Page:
All posts by Devin

How IPOs work

I found this article about Tesla’s IPO to be very enlightening. It talks about why a company would want go public, and goes into detail on how the IPO process works. I also like how they used Tesla, one of my favorite automotive companies, as an example.

Speaking of which, how about that Model S? (Ever noticed how Model S comes alphabetically before Model T?) I can’t wait to see them on the road in 2012.

Getting Windows XP installation discs for your Dell

If you bought a Dell computer with Windows XP pre-installed, chances are it didn’t come with a Windows XP installation disc.  It didn’t need one, right?  XP cam pre-installed.

Well, as Windows has it, if you use your computer, it slows down.  Call it a system architecture flaw… whatever. Fact is, you need to re-install XP every year or so in order to get maximum performance.  If you don’t care if your computer runs slow.. stop reading.

I have a Dell Windows XP Home computer in my possession right now that needs an overhaul.  Since I don’t have a disk, I went to Dell support to ask them for one.  Here’s the link they gave me over chat:

https://support.dell.com/support/topics/global.aspx/support/dellcare/en/backupcd_form

Simply fill out the form and you’ll get your disc in the mail. Really, all you need is the service tag number. No word on how long it will take.  No clue if my contact information will work. I guess we’ll just have to wait.

My advise to those of you who purchased a computer from Dell and didn’t get the operating system installation disk: Go get them now.  Because when your computer needs an overhaul, you won’t want to wait for the disk to ship.

P.S. It’s not too late to migrate to a Mac.  Macs don’t slow down over time, and they all come with an installation disc.

Update: You may need to transfer ownership.

Upgraded to WordPress 3.0

It looks a lot like WordPress 2.9.2, but from what the emails and blog posts are saying, it’s faster, more secure, easier, and more powerful.  My theme worked just fine, and it seems that all my plugins work just fine too.  I did change my theme to the default theme. We’ll see how that lasts.

I was a little concerned at how long it would take me.  A few iterations ago there was an update that required a lot of finagling and admin-like tasks. Since it was a full point upgrade (2.x to 3.x), I was expecting the same.  But, it was as easy as the last minor upgrade (2.9.1 to 2.9.2). It downloaded and upgraded within 10 seconds. That’s what I call service!

I’m looking forward to poking around to see what WordPress 3.0 has to offer.  If I find anything particularly interesting, I’ll post.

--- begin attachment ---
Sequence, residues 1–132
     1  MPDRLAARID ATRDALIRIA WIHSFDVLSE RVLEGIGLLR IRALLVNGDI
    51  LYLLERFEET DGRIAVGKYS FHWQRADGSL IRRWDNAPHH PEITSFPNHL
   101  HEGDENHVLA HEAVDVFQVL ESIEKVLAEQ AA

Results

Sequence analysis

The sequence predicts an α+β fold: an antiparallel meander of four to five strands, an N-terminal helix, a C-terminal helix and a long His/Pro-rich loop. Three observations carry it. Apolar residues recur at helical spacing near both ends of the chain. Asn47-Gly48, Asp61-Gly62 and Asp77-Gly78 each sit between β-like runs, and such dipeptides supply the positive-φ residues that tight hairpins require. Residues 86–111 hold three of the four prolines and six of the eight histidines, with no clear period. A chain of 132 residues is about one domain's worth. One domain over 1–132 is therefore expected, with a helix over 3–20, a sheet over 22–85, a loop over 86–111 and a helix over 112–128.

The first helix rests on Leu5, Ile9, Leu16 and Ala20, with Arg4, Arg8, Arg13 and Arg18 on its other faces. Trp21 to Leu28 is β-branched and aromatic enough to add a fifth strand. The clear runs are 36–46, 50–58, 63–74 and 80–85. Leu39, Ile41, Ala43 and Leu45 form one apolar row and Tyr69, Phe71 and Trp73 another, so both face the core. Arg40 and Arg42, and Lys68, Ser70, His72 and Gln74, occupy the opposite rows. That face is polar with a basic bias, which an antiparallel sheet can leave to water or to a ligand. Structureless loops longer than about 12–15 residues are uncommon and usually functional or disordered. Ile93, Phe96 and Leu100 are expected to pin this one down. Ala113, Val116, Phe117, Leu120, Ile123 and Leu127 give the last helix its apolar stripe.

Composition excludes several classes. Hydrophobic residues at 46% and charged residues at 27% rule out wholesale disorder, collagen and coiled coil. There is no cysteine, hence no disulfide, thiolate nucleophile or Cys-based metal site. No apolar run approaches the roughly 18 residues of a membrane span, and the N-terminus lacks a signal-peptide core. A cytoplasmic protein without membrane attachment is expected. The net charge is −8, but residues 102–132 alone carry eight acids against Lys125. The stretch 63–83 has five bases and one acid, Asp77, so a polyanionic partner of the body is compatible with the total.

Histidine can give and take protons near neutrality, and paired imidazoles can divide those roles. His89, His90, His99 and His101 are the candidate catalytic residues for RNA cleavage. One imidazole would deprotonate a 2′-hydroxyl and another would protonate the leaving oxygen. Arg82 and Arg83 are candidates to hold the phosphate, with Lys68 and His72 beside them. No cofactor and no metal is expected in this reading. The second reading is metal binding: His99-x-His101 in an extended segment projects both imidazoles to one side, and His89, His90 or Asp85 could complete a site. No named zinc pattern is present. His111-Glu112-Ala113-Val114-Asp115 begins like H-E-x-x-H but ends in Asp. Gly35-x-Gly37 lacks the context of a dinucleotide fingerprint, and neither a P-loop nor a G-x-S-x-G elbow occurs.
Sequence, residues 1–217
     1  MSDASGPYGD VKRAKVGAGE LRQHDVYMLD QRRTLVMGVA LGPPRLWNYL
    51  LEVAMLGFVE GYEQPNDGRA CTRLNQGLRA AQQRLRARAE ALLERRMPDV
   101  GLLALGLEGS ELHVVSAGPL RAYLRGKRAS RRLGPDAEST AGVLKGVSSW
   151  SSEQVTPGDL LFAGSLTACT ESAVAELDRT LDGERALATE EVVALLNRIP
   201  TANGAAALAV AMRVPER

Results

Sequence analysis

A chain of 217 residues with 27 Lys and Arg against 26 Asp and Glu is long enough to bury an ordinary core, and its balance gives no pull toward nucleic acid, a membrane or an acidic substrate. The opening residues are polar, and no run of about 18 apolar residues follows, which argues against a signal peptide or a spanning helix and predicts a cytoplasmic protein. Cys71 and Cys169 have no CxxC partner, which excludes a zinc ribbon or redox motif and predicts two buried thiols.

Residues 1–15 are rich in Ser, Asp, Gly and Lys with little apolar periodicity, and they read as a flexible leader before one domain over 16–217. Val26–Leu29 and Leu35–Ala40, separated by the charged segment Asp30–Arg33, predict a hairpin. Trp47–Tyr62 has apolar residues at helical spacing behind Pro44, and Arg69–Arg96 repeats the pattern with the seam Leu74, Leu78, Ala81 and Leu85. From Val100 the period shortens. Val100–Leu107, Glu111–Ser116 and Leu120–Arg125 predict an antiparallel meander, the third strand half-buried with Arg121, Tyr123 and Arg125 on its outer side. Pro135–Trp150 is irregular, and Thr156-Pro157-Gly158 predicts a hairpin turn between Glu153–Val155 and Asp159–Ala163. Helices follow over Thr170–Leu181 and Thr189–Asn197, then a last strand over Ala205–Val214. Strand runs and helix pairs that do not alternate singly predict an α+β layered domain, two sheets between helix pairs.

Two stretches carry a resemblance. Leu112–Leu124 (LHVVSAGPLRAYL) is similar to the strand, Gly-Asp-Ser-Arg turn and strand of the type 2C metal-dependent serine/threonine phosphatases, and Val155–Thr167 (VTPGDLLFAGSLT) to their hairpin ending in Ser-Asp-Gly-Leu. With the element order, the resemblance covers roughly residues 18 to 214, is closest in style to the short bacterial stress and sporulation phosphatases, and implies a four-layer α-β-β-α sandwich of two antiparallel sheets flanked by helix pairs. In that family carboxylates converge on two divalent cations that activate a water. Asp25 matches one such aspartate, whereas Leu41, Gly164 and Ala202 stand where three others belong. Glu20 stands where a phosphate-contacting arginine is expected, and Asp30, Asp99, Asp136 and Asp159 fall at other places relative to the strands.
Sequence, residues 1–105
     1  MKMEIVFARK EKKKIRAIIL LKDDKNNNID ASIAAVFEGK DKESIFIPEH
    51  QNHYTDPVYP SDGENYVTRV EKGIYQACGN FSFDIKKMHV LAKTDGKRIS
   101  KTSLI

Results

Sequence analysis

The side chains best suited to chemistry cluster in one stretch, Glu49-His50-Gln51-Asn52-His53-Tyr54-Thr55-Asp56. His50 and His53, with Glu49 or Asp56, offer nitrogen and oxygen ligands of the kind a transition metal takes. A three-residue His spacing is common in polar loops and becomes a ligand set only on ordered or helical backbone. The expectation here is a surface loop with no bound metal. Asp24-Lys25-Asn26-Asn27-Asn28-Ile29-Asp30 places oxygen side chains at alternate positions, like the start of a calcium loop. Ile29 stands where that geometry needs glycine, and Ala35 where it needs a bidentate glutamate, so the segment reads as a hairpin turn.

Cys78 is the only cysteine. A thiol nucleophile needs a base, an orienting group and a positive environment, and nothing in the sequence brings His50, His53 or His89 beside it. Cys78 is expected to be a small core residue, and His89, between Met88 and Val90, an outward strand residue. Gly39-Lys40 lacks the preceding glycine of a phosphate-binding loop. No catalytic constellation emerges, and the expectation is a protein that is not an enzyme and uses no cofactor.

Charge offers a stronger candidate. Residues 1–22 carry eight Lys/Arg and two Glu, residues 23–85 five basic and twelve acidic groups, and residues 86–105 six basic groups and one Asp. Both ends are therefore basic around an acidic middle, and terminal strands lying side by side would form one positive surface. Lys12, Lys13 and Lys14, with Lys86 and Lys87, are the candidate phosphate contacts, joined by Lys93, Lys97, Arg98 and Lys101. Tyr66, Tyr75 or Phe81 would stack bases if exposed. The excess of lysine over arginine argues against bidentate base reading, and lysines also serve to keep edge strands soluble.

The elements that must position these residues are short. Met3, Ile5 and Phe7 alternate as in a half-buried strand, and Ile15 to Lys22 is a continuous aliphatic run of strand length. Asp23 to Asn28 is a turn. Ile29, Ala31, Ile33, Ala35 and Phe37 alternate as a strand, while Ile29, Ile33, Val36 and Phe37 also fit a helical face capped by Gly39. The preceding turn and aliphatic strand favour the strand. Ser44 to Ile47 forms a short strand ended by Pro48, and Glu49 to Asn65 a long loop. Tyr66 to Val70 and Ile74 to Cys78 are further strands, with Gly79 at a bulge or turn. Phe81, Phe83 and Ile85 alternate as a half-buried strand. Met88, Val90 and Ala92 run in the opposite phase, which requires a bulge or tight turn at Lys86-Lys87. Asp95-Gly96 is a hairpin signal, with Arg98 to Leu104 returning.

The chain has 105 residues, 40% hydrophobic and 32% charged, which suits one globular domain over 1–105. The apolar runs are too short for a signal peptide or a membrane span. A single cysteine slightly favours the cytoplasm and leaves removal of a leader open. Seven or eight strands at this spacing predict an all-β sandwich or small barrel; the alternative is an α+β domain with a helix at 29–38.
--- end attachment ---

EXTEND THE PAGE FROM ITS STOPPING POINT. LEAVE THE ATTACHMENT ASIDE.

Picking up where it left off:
How-To: Rototill next to a sidewalk

If you ever find yourself rototilling ground next to a sidewalk, here’s how to get the ground right next to the sidewalk without hitting it with the rototiller tines:

Ground next to a sidewalk that a rototiller can't safely cultivate

First, rototill a row about 4 -6 inches from the sidewalk, then shovel the dirt away from the sidewalk and onto the rototilled row.

After that, rototill over the dirt you just dug away from the sidewalk.  The dirt will naturally fill in next to the sidewalk.  If not, you can rake some dirt closer to the sidewalk.

Second pass
Second pass
Dirt filled in

Last of all, you’ll want to sweep the sidewalk.

Stay tuned for updates on our garden.

How-To: Find tag name in jQuery

jQuery’s .attr() function makes it simple to find every attribute of a tag.  But what about the tag name?

Turns out, it’s just as easy:

this.tagName

update: This is a JavaScript function associated with a click event. You cannot access the tagName from a selector.

update 2: you can get the tag name in a loop like this:

this.nodeName

update 3: Here’s a way to check if the element matches a type. This doesn’t actually return the element type, it is just a way to check if it matches a tag name. This method returns true or false.

$('.selector').is('p')

This will also work inside a click listener method:

$(event.target).is('input')

How To Archive AVCHD Video

If you have purchased a new video camera recently that records to a hard drive or SD card, it probably is recording AVCHD. This is a standard video format that was created for consumer high definition video cameras.

The problem, is that the raw files, designated by the “.MTS” extension, cannot be played by the most popular video players (strike one). So, you have to capture it, which takes a long time (strike two), and takes up about twice the hard drive space (strike three). I hate throwing any video away, as every clip has historical significance that may, someday, mean something to someone.

Here’s what I do:

I make an image (.dmg) of the capture drive (camera or SD card) and store it on an external hard drive. This saves on hard drive space, as I am keeping the smallest and highest quality video file, the original. I mount the image and use VLC to view the “.MTS” files, and if I want to use one to create a DVD, I either use Handbrake to convert the file to an .mp4 using the Regular > Normal preset, or I just capture it into the application from the disk image.

Notes:

  1. The external hard drive can’t be formatted FAT32 if you want to store disk images larger than 4 GB.
  2. It is good to store your video files on multiple hard drives.  I recommend a Western Digital Mirror Edition external hard drive. It writes to two hard drives simultaneously, so you don’t have to keep swapping hard drives.